by Audrey Corby Braden ‘63

I felt something as soon as I walked into her living room. As a nurse I have made many homecare visits to the elderly and infirm in the area, but this visit was special. I was on a routine visit in Xenia, Ohio and I felt an immediate kinship with the lovely lady of the house. I commented on the array of crosses and crucifixes adorning her living room walls and mentioned that I had gone to a catholic school run by the Ursuline Sisters of Brown County. She must have been a godsend because it turns out that my patient, Ms. Margaret Shelley, had graduated from Brown County in 1920.

I had a million questions for Miss Shelley. What was the school like in those days? How was it different than when I went there 40 years later? I was amazed at the clarity and detail of Ms. Shelley’s memories 74 years after she graduated. She remembers names. Mother Angela was Mother Superior, Sr. Mechtilde was Principal and taught French and history, Sr. Monica, author of The Cross in the Wilderness, taught American and European history, Sr. Mary Baptist taught Saturday morning sewing classes and accompanied the girls every evening as they walked down the lane and around the pond praying the rosary.

She remembers the rituals. Every morning the girls ate warm cornbread with syrup for breakfast. Students were encouraged to attend Mass every morning, but it was required on Sundays. Every morning as “roll” was called, the girls would answer “Yes Sister” if they had some kind of penance to do or “No Sister” if they were “home free”. Thursday penance usually required an essay on the misdeed and sometimes a verbal confession of the misdeed in front of the entire class. Boarding students went home only on Christmas and Easter holiday breaks because travel was long and difficult as many of the girls lived out of state. Students attended all of the Professions, but Miss Shelley particularly remembers attending the Profession of Sr. Mary Ursula, a little Irish nun who was young and always happy, and who shared many stories of Ireland with the girls.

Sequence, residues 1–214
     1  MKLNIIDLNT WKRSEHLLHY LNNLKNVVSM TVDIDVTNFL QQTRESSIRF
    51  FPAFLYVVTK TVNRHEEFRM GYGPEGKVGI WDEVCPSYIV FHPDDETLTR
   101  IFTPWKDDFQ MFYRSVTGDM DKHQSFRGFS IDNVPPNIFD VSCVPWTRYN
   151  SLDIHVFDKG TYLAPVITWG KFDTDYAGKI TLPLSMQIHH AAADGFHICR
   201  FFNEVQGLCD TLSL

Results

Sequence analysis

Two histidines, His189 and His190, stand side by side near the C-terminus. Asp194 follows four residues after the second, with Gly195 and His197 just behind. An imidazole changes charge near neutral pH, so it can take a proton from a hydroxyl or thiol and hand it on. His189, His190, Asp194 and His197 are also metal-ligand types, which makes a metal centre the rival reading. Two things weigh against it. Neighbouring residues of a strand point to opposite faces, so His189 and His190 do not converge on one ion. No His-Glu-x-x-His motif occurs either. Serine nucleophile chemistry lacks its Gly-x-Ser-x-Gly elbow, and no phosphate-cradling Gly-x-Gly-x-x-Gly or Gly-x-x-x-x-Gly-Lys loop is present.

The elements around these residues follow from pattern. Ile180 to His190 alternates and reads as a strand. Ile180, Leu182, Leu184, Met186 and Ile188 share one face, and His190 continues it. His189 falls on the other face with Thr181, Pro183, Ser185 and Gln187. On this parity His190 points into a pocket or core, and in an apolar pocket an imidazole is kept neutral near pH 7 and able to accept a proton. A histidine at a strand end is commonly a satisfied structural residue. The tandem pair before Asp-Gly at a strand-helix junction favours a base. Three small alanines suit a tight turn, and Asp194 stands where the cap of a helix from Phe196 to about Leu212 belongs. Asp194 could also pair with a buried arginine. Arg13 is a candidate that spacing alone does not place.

Miss Shelly graduated with five other girls on the occasion of Brown County Ursulines’ 75th Anniversary in 1920. She attended Sacred Heart College in Cincinnati, OH for one year, but transferred to Antioch College in Yellow Springs, Ohio and graduated with her teaching certificate in 1924. She taught for many years at the Blessed Sacrament Convent in New Orleans, Louisiana and Chicago, Illinois. In the 1950s she returned to Xenia to care for her mother in the home her grandfather built in 1902. It was there, 74 years later as the Brown County Ursulines prepared to celebrate their 150th Anniversary that I happened upon this wonderful lady. I asked her if she would like to visit BCU again and her reply was “I want to remember Brown County the way it was.”

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Top Center: Dolly Fisher, in front of her is Laurel Hafertepen, Jill Woeber Sooy, Audrey Corby Braden, Carol Tipton, Regina Reddick Baynard,
Right Front: Linda Quallen and Susan Cleary Dunn
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Standing from left: Laurel Hafertepen, Audrey Corby Braden
Seated from left: Gail Glassmeyer Napier, Jill Woeber Sooy, Linda Hocke

 

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